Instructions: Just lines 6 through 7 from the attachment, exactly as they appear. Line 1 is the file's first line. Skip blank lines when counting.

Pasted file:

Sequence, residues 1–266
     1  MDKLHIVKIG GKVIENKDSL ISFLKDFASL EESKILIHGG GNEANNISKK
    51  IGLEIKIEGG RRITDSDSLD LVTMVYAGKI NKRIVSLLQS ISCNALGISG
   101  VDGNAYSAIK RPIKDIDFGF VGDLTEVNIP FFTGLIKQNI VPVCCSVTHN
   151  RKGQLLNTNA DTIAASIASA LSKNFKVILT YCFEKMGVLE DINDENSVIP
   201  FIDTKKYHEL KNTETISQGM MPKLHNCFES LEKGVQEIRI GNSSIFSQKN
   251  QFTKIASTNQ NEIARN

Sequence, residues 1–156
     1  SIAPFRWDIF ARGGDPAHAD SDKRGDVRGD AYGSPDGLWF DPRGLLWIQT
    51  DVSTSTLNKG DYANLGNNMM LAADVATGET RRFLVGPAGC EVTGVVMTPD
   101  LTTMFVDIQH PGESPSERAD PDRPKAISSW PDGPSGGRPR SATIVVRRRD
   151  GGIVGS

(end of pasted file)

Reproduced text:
   201  FIDTKKYHEL KNTETISQGM MPKLHNCFES LEKGVQEIRI GNSSIFSQKN
   251  QFTKIASTNQ NEIARN